The Magnificent Seven is an engaging yet adventurous western from John Sturges. Featuring top-notch performances from Yul Brenner, Steve McQueen, James Coburn, Charles Bronson, and Eli Wallach. It’s a film that bears a lot of hallmarks and attributes that fans of the genre can love as well as a story that works to play up the motivations for its lead characters. While it may not have the more complexity and drama of The Seven Samurai, it is still a film that is quite faithful to the Akira Kurosawa classic. In the end, The Magnificent Seven is a superb western from John Sturges.

© thevoid99 2012

6 comments:

Chip Lary said...

I've described Seven Samurai more than once as "a film so great that even it's American remake is considered a classic."

I read somewhere that during filming McQueen would intentionally "fiddle" with his hat to try to draw attention to himself and that this drove Brynner crazy, to the point of him having someone monitor how much McQueen was doing it.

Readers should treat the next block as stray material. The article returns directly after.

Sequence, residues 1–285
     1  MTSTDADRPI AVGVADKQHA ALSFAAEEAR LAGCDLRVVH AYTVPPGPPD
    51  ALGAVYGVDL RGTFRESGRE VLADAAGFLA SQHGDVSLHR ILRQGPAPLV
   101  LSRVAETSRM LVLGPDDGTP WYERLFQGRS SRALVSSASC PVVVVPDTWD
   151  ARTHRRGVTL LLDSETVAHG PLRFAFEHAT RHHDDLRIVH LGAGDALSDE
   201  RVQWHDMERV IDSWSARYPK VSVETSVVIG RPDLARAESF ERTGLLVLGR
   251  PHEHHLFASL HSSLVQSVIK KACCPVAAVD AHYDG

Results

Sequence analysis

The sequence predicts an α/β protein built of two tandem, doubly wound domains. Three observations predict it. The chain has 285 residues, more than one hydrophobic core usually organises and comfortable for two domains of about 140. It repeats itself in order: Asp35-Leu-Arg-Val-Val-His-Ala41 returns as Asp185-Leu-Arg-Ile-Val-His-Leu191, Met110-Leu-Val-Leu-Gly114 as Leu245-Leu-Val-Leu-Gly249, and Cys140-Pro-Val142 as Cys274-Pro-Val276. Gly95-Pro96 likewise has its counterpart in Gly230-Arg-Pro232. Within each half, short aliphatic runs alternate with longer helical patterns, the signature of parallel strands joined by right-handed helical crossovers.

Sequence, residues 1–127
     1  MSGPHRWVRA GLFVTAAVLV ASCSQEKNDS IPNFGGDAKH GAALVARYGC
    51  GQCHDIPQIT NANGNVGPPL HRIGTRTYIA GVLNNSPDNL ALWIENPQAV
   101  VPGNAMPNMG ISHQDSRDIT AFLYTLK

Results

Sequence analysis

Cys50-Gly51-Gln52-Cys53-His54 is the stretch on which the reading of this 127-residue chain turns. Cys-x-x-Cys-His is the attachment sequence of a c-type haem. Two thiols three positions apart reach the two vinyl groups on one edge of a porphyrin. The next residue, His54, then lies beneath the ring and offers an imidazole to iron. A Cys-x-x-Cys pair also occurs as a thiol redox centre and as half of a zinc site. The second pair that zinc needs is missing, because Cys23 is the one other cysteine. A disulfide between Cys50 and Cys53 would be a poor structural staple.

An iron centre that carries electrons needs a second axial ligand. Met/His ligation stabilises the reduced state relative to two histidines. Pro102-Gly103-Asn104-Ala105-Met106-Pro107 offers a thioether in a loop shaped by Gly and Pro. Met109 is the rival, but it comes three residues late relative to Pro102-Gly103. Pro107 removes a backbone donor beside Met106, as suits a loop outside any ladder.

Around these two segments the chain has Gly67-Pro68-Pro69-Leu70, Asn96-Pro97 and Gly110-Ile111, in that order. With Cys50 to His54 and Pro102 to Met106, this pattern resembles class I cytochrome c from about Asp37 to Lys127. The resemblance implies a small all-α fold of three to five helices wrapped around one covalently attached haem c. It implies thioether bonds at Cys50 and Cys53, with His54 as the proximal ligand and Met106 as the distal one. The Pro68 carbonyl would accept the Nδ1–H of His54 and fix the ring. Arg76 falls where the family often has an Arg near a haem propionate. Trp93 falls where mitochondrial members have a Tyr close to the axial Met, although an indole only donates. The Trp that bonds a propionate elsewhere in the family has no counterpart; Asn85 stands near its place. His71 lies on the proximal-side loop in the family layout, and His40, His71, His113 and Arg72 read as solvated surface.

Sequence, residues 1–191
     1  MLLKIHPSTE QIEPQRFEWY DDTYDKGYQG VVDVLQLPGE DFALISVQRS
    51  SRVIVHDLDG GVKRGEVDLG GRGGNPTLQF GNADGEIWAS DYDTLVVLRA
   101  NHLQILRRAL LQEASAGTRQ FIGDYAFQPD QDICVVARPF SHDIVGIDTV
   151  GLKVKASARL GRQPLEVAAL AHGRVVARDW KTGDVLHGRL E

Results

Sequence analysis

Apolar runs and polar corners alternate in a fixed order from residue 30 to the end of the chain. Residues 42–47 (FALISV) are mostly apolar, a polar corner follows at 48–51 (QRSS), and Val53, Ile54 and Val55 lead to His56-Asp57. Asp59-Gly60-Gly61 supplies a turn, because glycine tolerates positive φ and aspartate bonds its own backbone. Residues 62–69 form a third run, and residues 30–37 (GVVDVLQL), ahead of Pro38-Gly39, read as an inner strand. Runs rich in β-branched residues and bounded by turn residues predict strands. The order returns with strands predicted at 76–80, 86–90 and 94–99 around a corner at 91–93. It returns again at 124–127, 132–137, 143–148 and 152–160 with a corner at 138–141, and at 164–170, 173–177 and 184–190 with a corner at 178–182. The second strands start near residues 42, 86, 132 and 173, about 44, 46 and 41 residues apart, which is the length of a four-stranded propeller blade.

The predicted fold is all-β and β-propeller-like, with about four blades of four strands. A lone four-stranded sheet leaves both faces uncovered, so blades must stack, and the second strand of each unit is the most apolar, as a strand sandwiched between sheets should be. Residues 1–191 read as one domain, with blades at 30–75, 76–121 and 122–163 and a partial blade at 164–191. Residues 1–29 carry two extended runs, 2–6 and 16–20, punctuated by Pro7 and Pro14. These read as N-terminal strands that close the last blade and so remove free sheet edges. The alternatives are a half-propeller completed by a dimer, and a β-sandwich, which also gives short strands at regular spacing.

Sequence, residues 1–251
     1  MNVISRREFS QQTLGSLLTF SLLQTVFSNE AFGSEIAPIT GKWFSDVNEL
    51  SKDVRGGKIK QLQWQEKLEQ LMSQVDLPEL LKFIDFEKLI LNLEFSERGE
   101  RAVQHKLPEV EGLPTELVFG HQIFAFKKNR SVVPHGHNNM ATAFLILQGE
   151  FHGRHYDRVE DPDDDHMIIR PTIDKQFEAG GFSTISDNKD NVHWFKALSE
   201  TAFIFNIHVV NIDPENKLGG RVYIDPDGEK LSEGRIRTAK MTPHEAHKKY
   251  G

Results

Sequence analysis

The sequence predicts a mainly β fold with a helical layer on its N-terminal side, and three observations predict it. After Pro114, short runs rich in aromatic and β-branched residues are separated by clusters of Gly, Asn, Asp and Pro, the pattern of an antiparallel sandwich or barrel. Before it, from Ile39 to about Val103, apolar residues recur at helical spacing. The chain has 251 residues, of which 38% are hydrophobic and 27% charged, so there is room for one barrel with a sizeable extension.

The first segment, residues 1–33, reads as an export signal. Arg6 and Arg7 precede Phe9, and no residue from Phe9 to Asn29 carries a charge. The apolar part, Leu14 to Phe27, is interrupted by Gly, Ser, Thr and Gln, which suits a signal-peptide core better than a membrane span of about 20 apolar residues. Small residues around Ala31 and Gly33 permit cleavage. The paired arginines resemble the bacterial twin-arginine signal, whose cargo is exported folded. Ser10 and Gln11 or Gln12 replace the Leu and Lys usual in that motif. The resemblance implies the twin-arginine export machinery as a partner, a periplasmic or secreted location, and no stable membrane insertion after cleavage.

thevoid99 said...

Oh, that is a nice bit of trivia.

I wouldn't call The Magnificent Seven a classic but I do think it's a great western despite the few flaws it has.

Ron McNamara said...

Yes the "hat fiddling" McQueen was quickly put in his place by Brynner when he came back with, "Do it one more time and I remove my hat in every scene we are together!"

Ron McNamara said...

Yes.....but Yul Brynner was quick to respond to McQueen's "hat fiddling" by telling him if he did it one more time, then Brynner would remove his hat!!!!

thevoid99 said...

@RonMcNamara-That is nice to know.

Ron McNamara said...

Wow! I didn't know that.